Kids Need a History Lesson--Start with the 4th of July

Kids Need a History Lesson--Start with the 4th of July

Getty Images/Erik S. Lesser

When families gather this week to watch fireworks light up the skies, will their children have any idea what we are celebrating? Do they understand the significance of the Declaration of Independence, the Revolutionary War, and the Constitutional Convention? Doubtful. Our public schools -- and our nation’s parents -- are failing to teach our kids about the noble history of this country. This is a shame, and it has consequences.

Families used to vacation in Colonial Williamsburg, Mystic Seaport and other historic spots, where kids would be introduced to our beginnings, our seafaring history and to the various chapters that help make up the rich tapestry of our nation’s story. Today, those locales have had to add world-class spas, golf courses and other enticements to attract the “me” generation.

In 1976, Mystic entertained 750,000 visitors; in 2011 that had dropped to 254,000. Williamsburg has seen a steady decline in visitors since 1999; similar sites have also suffered a long-term downtrend in attendance.

Historic toys aren’t popular either. Samantha and Kirsten, storied American Girl dolls beloved by a generation, have been abandoned by the Pleasant Company. In their stead, American Girl offers “customizable” dolls that can look like -- and delight -- any self-absorbed six-year old.

Samantha and Kirsten, two of the three original American Girl dolls that made the company famous, came with charming, easy-to-read books about their histories. Samantha grew up in Boston during Victorian times while Kirsten, of Swedish ancestry, arrived in the prairies of Minnesota in the 1950s. The dolls offered youngsters just a tiny glance at our country’s history. Tiny, but evidently too much. These days, a bigger hit is Barbie, kitted out in a new “digital dress”, with 114 LED lights that allow you to create your own graphics, like hearts or stars. 

Testing has revealed the depths of American kids’ ignorance. Less than one quarter are “proficient” in history, according to the National Assessment of Educational Progress report. A majority of fourth-graders could not identify what was important about Abraham Lincoln; 80 percent of 8th-graders were unable to select the right answer when asked which of four countries allied with North Korea during the Korean War. 

It’s pretty appalling, and certainly does not augur well for an informed electorate. As they turn their uninformed backs on the essential underpinnings of our country’s success – independence, self-reliance, hard work, we will pay a price, a price that will only rise as we welcome 11 million mostly Hispanic immigrants into our country as voting citizens. This large and diverse country is held together by a fragile embrace of our nation’s history, the values and beliefs that made the United States a beacon for people around the world. That hold gets pretty wobbly if our children have no idea where we came from.

As the people of South Africa keep vigil for Nelson Mandela, they can at least rejoice that their children are learning the recent history of their land. As newspapers and TV stations recount Mandela’s personal story, kids will hear the lessons taught by that towering leader – lessons that have kept a fractious people from turning on itself.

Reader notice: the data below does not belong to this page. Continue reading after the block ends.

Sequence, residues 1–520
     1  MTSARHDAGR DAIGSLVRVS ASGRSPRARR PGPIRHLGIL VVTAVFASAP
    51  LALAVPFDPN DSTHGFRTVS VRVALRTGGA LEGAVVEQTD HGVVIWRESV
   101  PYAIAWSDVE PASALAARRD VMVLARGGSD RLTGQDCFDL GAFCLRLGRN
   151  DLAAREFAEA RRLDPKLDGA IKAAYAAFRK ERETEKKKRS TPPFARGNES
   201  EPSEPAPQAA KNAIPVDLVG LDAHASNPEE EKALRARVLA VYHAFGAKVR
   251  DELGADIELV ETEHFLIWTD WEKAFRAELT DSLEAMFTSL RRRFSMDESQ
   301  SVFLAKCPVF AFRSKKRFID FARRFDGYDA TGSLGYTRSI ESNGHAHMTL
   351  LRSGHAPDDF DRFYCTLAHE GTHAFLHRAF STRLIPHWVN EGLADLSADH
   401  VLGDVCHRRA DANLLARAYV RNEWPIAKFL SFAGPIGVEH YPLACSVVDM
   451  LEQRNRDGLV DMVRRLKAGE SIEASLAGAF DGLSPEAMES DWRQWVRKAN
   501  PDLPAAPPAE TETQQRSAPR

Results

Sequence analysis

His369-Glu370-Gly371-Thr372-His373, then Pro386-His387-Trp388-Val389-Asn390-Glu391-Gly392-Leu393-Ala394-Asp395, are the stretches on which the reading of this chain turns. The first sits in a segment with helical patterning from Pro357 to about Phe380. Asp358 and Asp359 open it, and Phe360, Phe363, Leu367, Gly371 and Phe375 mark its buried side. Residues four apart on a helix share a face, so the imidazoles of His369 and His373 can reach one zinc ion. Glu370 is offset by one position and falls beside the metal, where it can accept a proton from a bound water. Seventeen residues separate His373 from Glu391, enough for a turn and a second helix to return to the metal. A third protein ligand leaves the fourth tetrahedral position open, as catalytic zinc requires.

When followers sought revenge as their leader emerged from 27 years in prison, Mandela preached tolerance and unity, helping to fashion a successful country from the ashes of apartheid. It was not easy; South Africa is challenged by innumerable tribal and racial divisions, by extreme income inequality and a bitter history. Mr. Mandela saw beyond those problems; he saw the future. As South Africa’s youth relives Mr. Mandela’s personal story, they will be firmer supporters of his teachings. Another generation may be inspired to follow his pathways, and South Africa will benefit.

As countries around the world – Egypt, Libya, Turkey – start their long walk towards freedom, they should wish for a leader like Mr. Mandela. Turkey had Mustafa Ataturk, who against all odds created a modern secular country in a volatile region. With his death now 75 years ago, Ataturk’s teachings are fading in Turkey’s memory. Youngsters probably wonder why shopkeepers post Ataturk’s photo on their walls; they might not know the long and sorry history of ethnic strife that long hobbled their nation. Most likely they do not see the dangers of Turkey’s flirtation with Islamic rule, how leaving behind their secularism might threaten their future. They should look to Egypt.

Young democracies naturally face turbulence as rivals struggle for power. But even established countries like the United States need to shore up our foundations. We need our children to understand why the right to vote, the right to protest and to criticize the government is essential. We need to teach them about our contributions to world peace through strength, our sacrifices made on behalf of allies and even foes; they need to comprehend why it is that our land has long been the beacon for oppressed peoples around the globe.

As important as the tendrils which bind us as a society, we need our children to see how our country celebrates the individual. This country was built by bold visionaries who explored our wild boundaries, who took risks that turned frontiers into farmland, and who built our modern industries. The United States stands for more than pop music, wealthy banks and flashy gizmos. It stands for freedom and decency, generosity and hard work. Our past is as bright as the fireworks that celebrate our birth. If our children do not understand that, we will not continue to be “the shining light upon the hill”, and that will be a tragedy.